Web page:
Notes on paperMost would not know this, but every post I write for this blog is handwritten with a fountain pen.

As someone with ADHD, I like to write by hand because it allows me to write without the distractions of the computer (i.e. “let me check e-mail real quick!”) I have also noticed that I remember what I write better when I write by hand as opposed to typing on a computer.

After I handwrite the first draft, I will then type the piece out onto a Microsoft Word document. I will usually edit the piece a little on the computer and finalize it. For me, the additional time it takes to handwrite the first draft is more than made up for the increased concentration I have when I write by hand.

A piece I type on the computer could take, in some instances, twice as long than if I wrote it by hand because of the inevitable distractions.

A couple of years ago, I discovered how much more enjoyable handwriting can be if you have good tools like a quality pen and a notebook with high quality paper. So a couple of years ago, I bought my first fountain pen and fell in love with it.

When writing in fountain pen, the quality of the paper is important (because the ink will bleed through cheaper paper) so I started using higher quality notebooks. My favorite at the moment is Leuchtturm1917, which can be purchased at Barnes & Noble or online. For me, it makes the writing process more enjoyable and gives me an added incentive to write more.

One of my favorite fiction writers is Neil Gaiman. About a year ago, I listened to an interview he did with Tim Ferriss and, in that interview, Gaiman discussed how he usually writes his first draft in fountain pen and he spoke highly of New York City’s Fountain Pen Hospital, a pen store that has about 2,000 different pens in stock. On this trip to New York City, we made the visit to the Fountain Pen Hospital and it was such a great experience, I just can’t help but to take a few minutes to write about it.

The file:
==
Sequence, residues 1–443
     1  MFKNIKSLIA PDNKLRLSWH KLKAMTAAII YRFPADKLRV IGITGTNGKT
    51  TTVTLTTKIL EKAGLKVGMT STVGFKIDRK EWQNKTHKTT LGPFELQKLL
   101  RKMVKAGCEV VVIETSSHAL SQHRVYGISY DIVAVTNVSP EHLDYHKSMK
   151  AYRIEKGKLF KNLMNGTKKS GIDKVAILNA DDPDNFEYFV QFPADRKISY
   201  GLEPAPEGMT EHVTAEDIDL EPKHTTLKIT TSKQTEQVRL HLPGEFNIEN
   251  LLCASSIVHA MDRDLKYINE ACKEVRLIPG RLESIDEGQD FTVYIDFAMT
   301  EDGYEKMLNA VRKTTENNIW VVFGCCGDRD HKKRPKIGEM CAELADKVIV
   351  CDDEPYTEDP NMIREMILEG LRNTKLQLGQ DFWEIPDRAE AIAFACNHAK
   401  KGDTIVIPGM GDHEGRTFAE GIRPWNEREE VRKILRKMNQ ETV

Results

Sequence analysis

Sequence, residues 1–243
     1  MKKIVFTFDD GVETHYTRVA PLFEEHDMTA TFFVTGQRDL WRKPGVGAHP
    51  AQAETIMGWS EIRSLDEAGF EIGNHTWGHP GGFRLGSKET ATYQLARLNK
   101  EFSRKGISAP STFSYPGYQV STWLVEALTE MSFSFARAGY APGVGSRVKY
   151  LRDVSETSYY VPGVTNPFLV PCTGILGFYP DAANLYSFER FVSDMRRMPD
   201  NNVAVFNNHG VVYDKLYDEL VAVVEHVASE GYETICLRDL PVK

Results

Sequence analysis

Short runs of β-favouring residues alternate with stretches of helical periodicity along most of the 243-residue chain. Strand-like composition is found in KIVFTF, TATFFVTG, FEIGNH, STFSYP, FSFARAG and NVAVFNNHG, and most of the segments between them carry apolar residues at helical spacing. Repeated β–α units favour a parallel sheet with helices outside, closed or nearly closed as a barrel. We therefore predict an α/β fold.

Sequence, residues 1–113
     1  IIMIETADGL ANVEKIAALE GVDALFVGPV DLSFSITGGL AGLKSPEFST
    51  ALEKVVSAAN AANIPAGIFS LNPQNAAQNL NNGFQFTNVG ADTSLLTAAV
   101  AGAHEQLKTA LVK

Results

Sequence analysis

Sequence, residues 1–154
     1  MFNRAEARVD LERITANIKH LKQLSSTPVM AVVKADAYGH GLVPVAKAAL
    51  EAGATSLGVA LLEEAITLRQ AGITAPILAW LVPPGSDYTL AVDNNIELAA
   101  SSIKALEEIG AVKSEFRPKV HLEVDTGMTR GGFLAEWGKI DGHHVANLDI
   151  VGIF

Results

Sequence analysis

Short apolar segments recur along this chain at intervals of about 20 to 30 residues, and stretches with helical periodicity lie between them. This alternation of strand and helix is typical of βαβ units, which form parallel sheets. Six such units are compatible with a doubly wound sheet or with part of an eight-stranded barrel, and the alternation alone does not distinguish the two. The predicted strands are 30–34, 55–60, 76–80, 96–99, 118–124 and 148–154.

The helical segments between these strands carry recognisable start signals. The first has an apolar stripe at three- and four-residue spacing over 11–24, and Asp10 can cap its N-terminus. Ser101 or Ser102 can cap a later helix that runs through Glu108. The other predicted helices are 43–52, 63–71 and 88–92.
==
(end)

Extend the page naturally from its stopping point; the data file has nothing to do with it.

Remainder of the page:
I was helped for over two hours by an extremely knowledgeable employee named Jimmy. I let Jimmy know that I was looking for a real “workhorse” fountain pen since I write a lot for my work. With Jimmy’s learned guidance, I ultimately decided on a beautiful blue and red Sailor fountain pen with a broad, medium nib. I told Jimmy, “Now Jimmy, I’m a lawyer and I write a lot. I need a real workhorse, not one of those fountain pens I have to constantly stop what I’m doing and clean it.” His response was that I would write with this fountain pen until the day I retire. And you know what? I bet Jimmy’s right. That man knows his pens.

For a moment, we had a broader discussion about how writing by hand is becoming a lost art. Today, our students rush to the computer for all of the answers without taking the time to write, to think, and to pick up a book. Not a book on a computer, but a real book.

Jimmy noted that, because of this trend, his store is now the only remaining fountain pen store in New York City. There used to be seven in total, and now there’s only one left, the Fountain Pen Hospital.

Many thanks to Jimmy and the rest of the staff at the Fountain Pen Hospital for a great experience.

I hope there will always be wonderful stores like the Fountain Pen Hospital.

Best Regards,

Ryan C. Torrens, Esq.

Consumer litigation attorney